Please know it was never about you, Mom. Roads have always crooked their fingers. Tell Dad
rent was paid timely, even if coin was siphoned from the bitter blood you gave me.& the pea
on my mattress digs into the women I ladder into bed each night. One-lane suitors you
didn’t intend when the town set its teeth in me. When the stars straightened up, unjamming,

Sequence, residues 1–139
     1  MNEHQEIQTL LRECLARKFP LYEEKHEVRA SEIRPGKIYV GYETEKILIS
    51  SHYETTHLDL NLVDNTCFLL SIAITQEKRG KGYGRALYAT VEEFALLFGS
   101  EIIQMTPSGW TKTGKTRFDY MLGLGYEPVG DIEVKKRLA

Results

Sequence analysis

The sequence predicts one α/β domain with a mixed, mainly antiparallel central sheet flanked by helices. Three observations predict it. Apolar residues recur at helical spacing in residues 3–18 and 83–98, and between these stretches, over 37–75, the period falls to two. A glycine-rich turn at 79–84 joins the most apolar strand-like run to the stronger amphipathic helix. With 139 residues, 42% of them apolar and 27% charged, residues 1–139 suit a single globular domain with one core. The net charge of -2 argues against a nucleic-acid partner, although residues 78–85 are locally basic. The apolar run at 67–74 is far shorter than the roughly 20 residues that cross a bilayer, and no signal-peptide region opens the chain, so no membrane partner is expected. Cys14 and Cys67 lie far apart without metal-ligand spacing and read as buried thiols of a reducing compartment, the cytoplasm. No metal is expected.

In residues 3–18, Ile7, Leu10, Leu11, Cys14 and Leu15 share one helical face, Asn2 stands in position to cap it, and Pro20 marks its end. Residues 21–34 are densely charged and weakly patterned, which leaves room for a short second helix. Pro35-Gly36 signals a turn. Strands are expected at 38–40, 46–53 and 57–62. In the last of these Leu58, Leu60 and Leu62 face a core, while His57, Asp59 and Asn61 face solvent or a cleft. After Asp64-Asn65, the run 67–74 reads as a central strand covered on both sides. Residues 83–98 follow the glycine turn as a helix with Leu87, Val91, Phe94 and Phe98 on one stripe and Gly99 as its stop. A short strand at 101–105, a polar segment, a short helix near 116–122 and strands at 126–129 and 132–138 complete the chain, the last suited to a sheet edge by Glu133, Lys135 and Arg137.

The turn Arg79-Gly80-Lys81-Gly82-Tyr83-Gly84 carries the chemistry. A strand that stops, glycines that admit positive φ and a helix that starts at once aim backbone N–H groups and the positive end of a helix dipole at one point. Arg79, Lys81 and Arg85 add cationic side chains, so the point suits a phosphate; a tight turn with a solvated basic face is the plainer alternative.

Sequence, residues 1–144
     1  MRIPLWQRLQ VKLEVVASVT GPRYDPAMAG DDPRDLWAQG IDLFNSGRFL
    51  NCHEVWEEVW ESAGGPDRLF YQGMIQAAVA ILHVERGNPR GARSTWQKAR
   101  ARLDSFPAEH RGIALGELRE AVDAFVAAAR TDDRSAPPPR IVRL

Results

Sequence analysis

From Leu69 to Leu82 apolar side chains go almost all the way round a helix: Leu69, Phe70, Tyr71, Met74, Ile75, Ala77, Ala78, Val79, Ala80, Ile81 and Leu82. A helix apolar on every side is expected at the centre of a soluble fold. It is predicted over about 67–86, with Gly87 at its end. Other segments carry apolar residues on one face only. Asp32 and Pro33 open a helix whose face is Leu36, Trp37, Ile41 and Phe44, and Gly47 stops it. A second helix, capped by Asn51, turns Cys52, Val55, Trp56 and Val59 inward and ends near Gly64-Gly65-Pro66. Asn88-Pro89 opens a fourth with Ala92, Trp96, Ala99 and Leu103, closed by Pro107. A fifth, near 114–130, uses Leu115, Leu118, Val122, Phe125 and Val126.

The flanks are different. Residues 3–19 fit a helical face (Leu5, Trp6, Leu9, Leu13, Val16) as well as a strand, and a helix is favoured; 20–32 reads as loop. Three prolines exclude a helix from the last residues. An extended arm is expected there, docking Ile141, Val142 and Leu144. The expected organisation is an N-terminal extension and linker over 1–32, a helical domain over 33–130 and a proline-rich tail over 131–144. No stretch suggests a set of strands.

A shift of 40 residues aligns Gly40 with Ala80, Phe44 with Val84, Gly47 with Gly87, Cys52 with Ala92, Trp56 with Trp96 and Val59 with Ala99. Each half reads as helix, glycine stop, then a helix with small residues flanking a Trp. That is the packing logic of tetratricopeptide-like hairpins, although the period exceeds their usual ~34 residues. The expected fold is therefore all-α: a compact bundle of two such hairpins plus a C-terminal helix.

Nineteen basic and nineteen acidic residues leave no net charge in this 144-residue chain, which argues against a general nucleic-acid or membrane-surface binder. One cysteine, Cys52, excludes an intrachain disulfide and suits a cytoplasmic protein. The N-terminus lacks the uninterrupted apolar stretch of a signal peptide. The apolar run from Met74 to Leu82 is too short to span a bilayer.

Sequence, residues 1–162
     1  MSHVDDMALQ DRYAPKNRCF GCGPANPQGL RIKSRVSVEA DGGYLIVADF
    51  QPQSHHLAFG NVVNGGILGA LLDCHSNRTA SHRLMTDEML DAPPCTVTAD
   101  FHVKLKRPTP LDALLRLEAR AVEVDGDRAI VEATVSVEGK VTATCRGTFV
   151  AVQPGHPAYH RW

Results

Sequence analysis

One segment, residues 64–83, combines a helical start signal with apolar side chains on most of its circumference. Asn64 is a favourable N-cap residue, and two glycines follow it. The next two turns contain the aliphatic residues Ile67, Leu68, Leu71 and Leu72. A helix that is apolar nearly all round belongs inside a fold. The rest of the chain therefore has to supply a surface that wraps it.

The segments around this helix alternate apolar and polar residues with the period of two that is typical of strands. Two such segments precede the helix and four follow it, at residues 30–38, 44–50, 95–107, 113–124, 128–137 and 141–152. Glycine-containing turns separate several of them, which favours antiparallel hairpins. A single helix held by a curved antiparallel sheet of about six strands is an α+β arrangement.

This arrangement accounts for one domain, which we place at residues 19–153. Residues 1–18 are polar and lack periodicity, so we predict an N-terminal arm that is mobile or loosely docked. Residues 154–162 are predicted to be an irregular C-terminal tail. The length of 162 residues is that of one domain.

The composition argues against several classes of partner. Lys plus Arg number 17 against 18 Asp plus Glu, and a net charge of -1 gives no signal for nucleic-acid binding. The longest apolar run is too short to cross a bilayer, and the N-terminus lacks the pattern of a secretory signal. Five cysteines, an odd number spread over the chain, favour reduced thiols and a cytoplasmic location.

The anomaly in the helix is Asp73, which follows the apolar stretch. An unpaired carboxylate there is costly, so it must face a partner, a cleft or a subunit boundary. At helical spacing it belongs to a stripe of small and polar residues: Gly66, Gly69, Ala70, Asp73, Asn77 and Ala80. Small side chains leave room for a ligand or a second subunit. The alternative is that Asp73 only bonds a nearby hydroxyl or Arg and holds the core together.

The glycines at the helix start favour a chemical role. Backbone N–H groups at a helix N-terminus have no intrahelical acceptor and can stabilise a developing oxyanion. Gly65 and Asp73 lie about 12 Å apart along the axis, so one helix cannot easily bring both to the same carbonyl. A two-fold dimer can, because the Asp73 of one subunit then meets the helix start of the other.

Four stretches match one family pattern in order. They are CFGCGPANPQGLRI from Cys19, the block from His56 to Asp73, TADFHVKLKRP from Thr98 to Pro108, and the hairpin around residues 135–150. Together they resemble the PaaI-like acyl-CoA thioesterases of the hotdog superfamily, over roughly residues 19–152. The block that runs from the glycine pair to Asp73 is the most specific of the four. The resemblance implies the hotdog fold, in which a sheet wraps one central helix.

I figured we could finally have a go at this fault-line called family. I have mourned us enough.
Guessed the weight of too many traveling carnivals.I want to come home; it seems the tent
as I knew it is gone. & the welcoming brigade is a skeleton crew. Here is my handful of lone-
ly dirt. May it bring you more solid ground than you received from your wanderlust daughter.
You can also read this poem here.